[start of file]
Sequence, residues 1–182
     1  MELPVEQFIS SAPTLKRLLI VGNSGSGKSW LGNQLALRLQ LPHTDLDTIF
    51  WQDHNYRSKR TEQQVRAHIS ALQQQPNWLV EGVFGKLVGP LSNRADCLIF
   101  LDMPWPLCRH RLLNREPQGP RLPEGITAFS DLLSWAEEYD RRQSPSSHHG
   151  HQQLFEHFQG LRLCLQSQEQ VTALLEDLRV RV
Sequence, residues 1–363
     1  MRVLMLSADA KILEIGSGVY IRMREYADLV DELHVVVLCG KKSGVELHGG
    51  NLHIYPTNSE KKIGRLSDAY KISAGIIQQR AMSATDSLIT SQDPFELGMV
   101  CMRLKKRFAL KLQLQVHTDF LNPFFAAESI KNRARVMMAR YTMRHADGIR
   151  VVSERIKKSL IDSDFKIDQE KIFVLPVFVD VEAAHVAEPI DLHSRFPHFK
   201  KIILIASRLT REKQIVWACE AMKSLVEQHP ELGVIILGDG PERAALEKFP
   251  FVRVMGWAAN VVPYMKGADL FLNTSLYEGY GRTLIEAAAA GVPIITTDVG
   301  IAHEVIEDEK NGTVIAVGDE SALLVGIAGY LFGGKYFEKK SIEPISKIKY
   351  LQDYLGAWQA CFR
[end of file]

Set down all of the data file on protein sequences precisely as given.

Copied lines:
Sequence, residues 1–182
     1  MELPVEQFIS SAPTLKRLLI VGNSGSGKSW LGNQLALRLQ LPHTDLDTIF
    51  WQDHNYRSKR TEQQVRAHIS ALQQQPNWLV EGVFGKLVGP LSNRADCLIF
   101  LDMPWPLCRH RLLNREPQGP RLPEGITAFS DLLSWAEEYD RRQSPSSHHG
   151  HQQLFEHFQG LRLCLQSQEQ VTALLEDLRV RV
Sequence, residues 1–363
     1  MRVLMLSADA KILEIGSGVY IRMREYADLV DELHVVVLCG KKSGVELHGG
    51  NLHIYPTNSE KKIGRLSDAY KISAGIIQQR AMSATDSLIT SQDPFELGMV
   101  CMRLKKRFAL KLQLQVHTDF LNPFFAAESI KNRARVMMAR YTMRHADGIR
   151  VVSERIKKSL IDSDFKIDQE KIFVLPVFVD VEAAHVAEPI DLHSRFPHFK
   201  KIILIASRLT REKQIVWACE AMKSLVEQHP ELGVIILGDG PERAALEKFP
   251  FVRVMGWAAN VVPYMKGADL FLNTSLYEGY GRTLIEAAAA GVPIITTDVG
   301  IAHEVIEDEK NGTVIAVGDE SALLVGIAGY LFGGKYFEKK SIEPISKIKY
   351  LQDYLGAWQA CFR